84:00 Ryan takes whiskey out of the fridge.
85:30 Ryan fails his speech – and gets on the plane
87:30 Ryan turns up at Alex’s house – she has a family. She closes the door on him.
The movie’s climax continues its fine play of irony. Ryan is a changed man so he can no longer deliver his “backpack speech”, praising the virtues of living and traveling light. He is now strong enough to leave his life of escaping commitment and he puts his money where his mouth is by knocking on Alex’ door. But she had been a fraude all along. The question now is: will this disappointment make Ryan relapse? The emotional logic of the story says: no. He has lived through his lowest point at the end of Act Two and has grown. So despite the seemingly open ending, this film closes on a positive note.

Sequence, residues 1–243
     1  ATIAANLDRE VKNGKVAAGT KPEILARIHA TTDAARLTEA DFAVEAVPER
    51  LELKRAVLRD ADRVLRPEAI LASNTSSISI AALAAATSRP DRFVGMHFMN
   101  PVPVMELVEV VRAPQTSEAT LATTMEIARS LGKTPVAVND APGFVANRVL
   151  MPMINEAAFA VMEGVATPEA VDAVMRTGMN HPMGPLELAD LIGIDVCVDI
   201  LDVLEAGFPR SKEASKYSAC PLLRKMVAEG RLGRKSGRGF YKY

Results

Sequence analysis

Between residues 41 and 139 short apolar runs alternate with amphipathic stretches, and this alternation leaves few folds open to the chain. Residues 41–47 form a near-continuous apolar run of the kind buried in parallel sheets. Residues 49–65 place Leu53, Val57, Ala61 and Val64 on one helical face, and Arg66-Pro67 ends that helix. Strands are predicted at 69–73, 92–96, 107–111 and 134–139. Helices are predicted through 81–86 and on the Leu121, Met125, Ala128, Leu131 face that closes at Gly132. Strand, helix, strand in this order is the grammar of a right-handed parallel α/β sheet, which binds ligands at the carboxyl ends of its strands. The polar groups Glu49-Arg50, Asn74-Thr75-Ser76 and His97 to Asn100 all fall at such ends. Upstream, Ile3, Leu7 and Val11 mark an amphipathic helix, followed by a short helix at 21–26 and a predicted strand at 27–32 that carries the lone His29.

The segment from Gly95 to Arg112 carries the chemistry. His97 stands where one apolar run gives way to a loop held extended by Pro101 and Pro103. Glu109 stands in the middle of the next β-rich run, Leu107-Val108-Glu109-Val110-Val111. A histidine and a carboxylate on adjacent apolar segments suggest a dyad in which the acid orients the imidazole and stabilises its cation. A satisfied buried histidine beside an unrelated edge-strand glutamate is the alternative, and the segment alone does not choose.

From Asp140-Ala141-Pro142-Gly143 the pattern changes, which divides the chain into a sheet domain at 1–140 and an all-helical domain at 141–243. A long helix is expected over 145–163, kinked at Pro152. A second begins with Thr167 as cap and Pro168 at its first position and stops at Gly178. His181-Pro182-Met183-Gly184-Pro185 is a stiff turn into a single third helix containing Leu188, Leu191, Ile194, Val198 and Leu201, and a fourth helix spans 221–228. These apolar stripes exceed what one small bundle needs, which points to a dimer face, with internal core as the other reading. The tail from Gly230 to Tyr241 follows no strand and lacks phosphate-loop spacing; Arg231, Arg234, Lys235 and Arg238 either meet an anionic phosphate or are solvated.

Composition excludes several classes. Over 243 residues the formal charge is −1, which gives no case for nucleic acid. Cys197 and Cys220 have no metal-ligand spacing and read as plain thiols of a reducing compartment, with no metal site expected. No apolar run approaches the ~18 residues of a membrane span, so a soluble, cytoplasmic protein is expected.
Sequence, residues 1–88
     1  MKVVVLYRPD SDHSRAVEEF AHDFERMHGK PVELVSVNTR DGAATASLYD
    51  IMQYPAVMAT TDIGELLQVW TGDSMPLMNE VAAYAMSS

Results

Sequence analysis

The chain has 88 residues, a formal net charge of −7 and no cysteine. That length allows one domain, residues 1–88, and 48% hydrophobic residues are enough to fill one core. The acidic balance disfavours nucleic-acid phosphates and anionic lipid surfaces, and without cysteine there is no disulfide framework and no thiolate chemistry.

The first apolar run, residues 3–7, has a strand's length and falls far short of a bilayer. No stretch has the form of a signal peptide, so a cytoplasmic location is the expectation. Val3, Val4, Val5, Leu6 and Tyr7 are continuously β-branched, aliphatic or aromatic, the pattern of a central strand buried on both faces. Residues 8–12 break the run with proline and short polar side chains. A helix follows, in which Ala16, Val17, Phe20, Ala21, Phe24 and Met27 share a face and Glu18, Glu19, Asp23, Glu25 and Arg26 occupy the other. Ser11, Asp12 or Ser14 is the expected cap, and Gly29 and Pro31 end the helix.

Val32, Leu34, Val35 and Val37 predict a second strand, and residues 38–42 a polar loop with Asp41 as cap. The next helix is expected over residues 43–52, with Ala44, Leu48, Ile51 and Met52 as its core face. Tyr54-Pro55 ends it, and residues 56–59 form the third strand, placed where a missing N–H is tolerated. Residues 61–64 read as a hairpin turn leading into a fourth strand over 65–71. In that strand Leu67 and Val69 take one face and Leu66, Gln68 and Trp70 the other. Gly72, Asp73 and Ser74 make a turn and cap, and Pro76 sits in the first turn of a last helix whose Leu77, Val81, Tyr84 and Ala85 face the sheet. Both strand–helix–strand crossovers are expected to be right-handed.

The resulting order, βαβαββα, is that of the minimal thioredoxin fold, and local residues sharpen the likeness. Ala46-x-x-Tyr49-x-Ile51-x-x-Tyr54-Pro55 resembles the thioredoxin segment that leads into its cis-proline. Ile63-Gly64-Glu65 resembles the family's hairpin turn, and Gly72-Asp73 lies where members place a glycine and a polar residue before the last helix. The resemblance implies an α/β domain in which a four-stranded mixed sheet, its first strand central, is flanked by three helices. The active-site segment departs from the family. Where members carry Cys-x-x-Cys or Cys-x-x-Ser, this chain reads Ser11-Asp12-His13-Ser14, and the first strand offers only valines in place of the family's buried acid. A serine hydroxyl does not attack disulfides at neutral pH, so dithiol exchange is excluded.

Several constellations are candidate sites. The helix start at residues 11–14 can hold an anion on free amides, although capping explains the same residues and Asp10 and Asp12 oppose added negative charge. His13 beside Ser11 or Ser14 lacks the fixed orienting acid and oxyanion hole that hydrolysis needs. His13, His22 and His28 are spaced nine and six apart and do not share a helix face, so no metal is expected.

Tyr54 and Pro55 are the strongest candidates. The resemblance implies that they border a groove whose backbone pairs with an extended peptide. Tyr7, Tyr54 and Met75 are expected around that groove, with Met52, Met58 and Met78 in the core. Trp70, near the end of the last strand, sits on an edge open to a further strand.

Sequence I: 10,000,000 million miles… for who? (6 mins)
89:00 On the phone with Alex: He is an escape for her – only a parenthesis.
90:30 10,000,000 miles: Ryan meets pilot, as member of a small club of only 7.
93:00 He transfers his miles to his sisters account so they can circumnavigate the globe.
94:00 Gregory tells him the woman committed suicide… Natalie quit.
95:00 Ryan gives Natalie an amazing reference.
96:30 Redundancy victims about what they’re living for.
97:30 Has Ryan changed? In any case, it looks like he is a better person
99:00 The End.
The aftermath (or Elixir) sequence shows that not only Ryan has changed: the world around him has, too. He sacrifices his traveling existence while giving his sister the benefit of it. Natalie quits, which means she has gone through her own journey of change while traveling and learning with Ryan.
Structural Analysis: Dave Trendall
Notes: Karel Segers